I’ve been a full time student for about fifteen years now–elementary, middle, high school, college. It wasn’t until I began teaching, though, that I really understood how to be a good student. My best students haven’t necessarily been the ones who scored highest, knew the most, or learned most quickly; they were the ones who studied, practiced, and listened in ways that maximized our communication and made the most of our tutoring hours together. A few of their best habits:
- Admitting spacing out. We all zone out from time to time–not necessarily because we want to, because we’re tired, or because classes aren’t interesting. Sometimes there’s a distracting noise nearby. Sometimes we’re having trouble understanding part of the lesson. Sometimes we’re just preoccupied with non-academic things. One of my students had just accepted a prom invitation about twenty minutes before we were scheduled to work–through no fault of hers, for about the first twenty minutes of our class she had a lot of trouble focusing on misplaced modifiers. As a teacher and a student, I fully recognize that sometimes, classwork is hard to focus on. As a tutor, I have ways to help students work through it: we can take breaks, slow down, approach material in a new way, or temporarily switch over to more interesting classwork. However, I can only help if I’m aware there’s a problem. I promise I won’t be offended if you politely mention that you’re having trouble focusing. You’ll be saving both of us a lot of time and repetition.
- Avoiding spacing out. It’s great if you let me know when you space out, but it’s even better if you avoid spacing out in the first place. Before class starts, make sure you’re in a quiet, non-distracting environment. Use the restroom or grab snacks/water before we start, to avoid interrupting the lesson later. If we’re working through an online classroom, do your best to find a place with strong wifi. Get a good night’s sleep, and eat reasonably healthily (meaning: don’t scarf five donuts thirty minutes before the lesson. Food comas are real.) Try to schedule our practice hours on a day and time you know you won’t be exhausted or distracted–for instance, don’t schedule a class at 7am, or right before your tennis championship game. These may all seem like minor details, but they can have a huge effect on the quality of our limited tutoring time. I can usually help you pay attention if you’re distracted, but my job will be next to impossible if you’re trying to learn while your parents are throwing a loud dinner party, or while you’re running off of two hours of sleep.
- Immediately before class, quickly review material we’ve gone over in previous lessons. Don’t redo every one of our past practice questions or try to memorize our old outlines–you don’t want to tire yourself out before we’ve even started–but double-check that you remember what happened in our most recent lesson, and that you understand all the major concepts we’ve discussed before. That way, we can start our lesson by jumping right in to the core of that day’s material, instead of spending time repeating things we’ve already gone over.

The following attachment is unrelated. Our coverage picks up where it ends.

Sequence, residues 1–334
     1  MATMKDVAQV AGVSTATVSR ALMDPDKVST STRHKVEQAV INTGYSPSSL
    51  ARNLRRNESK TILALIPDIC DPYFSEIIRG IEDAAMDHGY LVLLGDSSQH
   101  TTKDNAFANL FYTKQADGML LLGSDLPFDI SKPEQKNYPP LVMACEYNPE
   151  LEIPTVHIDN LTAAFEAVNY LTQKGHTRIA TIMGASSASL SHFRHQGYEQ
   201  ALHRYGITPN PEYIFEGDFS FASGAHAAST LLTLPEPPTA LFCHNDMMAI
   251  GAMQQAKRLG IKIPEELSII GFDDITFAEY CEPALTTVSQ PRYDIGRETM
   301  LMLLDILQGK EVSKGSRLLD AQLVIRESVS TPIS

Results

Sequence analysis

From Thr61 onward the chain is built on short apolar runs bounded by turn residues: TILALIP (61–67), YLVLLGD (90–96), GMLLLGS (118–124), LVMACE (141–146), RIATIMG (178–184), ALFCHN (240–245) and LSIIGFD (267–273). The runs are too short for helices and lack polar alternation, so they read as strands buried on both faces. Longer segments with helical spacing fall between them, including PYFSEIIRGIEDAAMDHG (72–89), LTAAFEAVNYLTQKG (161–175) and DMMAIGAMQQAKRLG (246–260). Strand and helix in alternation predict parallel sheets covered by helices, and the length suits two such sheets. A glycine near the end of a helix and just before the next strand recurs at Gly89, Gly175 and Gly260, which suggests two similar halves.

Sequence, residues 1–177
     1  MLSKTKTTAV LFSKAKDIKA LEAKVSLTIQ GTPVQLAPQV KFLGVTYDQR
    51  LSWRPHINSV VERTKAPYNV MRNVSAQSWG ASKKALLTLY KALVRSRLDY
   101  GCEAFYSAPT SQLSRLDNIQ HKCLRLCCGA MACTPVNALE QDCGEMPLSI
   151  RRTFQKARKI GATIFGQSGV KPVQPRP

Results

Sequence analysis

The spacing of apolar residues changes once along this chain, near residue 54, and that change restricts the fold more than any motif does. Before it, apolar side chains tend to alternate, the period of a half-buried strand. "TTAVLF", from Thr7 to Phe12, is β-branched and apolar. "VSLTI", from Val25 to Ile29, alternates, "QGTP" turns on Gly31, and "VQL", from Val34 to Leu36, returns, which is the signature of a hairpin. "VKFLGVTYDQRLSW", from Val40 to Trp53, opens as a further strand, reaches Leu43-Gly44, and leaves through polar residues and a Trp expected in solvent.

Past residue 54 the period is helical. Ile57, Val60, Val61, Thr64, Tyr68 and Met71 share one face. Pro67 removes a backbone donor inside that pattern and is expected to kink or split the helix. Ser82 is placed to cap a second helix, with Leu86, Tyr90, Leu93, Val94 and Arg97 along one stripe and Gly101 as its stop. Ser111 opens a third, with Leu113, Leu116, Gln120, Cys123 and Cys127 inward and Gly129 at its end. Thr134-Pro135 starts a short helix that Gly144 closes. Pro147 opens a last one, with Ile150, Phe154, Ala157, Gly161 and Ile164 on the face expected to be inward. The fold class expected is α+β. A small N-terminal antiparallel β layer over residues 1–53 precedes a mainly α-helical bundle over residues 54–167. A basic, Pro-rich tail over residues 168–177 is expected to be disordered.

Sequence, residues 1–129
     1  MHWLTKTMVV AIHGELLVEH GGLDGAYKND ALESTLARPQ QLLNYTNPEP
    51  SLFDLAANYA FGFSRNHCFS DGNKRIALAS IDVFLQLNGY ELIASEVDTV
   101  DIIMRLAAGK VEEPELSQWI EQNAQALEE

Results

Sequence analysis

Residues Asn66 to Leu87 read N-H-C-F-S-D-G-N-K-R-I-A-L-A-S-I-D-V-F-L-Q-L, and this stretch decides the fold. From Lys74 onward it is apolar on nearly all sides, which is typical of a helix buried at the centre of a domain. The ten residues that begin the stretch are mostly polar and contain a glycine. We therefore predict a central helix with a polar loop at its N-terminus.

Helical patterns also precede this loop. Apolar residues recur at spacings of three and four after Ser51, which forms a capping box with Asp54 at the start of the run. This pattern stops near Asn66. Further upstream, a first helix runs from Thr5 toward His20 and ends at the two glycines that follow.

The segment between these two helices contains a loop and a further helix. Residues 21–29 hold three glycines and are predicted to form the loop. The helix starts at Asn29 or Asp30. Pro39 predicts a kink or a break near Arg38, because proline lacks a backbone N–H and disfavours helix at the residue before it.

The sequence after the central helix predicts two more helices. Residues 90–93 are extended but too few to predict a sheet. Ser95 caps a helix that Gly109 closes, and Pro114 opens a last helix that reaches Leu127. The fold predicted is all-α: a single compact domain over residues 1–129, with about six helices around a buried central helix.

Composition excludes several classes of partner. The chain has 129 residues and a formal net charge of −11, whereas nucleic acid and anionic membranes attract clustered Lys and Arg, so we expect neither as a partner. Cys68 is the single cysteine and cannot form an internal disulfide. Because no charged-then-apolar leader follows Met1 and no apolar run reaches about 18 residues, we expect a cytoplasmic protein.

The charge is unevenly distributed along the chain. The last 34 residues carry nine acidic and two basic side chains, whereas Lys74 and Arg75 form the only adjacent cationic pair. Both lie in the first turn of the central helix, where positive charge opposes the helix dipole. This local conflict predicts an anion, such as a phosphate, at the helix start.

- Tell me when I’m not making sense, or when you don’t agree with a strategy/approach. I’d much rather explain something several times, or in several different ways, than move through a lesson thinking you understand concepts that you actually don’t. My goal isn’t to cover all of our planned material, or even to finish the lesson on time, but to improve your understanding of the ideas we’re covering. Don’t be afraid to speak up, and don’t think that doing so constitutes blaming me for not teaching well enough, or admitting that you’re not smart enough to “get it”. Tutoring is a dynamic and interactive communication process, and it’s perfectly fine (even expected) that it might take a few tries to figure out what strategies of communication and explanation work best for us. By speaking up about things you don’t understand or don’t agree with, you’re helping that process happen more efficiently.
- Understand the type of relationship you and your tutor want to build. Different students and tutors work best in different ways. I, for instance, am usually only a few years older than my students, so I’m most comfortable working in a fairly informal and friendly setting, and I find it a bit strange when students call me “Ms. Tran”. In order to improve communication and rapport, I like to get to know the students I’m working with; as long as we stay on task and use our time efficiently, I’m more than happy to crack a joke or to take thirty seconds to chat about the adorable puppy who jumped on your lap during our math review. Other tutors and students prefer a more formal environment, or get frustrated when they’re not running through material quickly. Instead of coming into a lesson with a firmly set idea of what the tutoring setting should feel like, try adapting the way you learn best, and to the way your tutor teaches best. If you just don’t get along with your tutor to the point that you’re not learning as well as you could be, consider finding another. Remember that the goal of individual tutoring is to facilitate your understanding of the material, and be aware that the way you interact with your tutor can plays an important role in achieving that.
Courtney Tran is a student at UC Berkeley, studying Political Economy and Rhetoric. In high school, she was named a National Merit Finalist and National AP Scholar, and she represented her district two years in a row in Public Forum Debate at the National Forensics League National Tournament.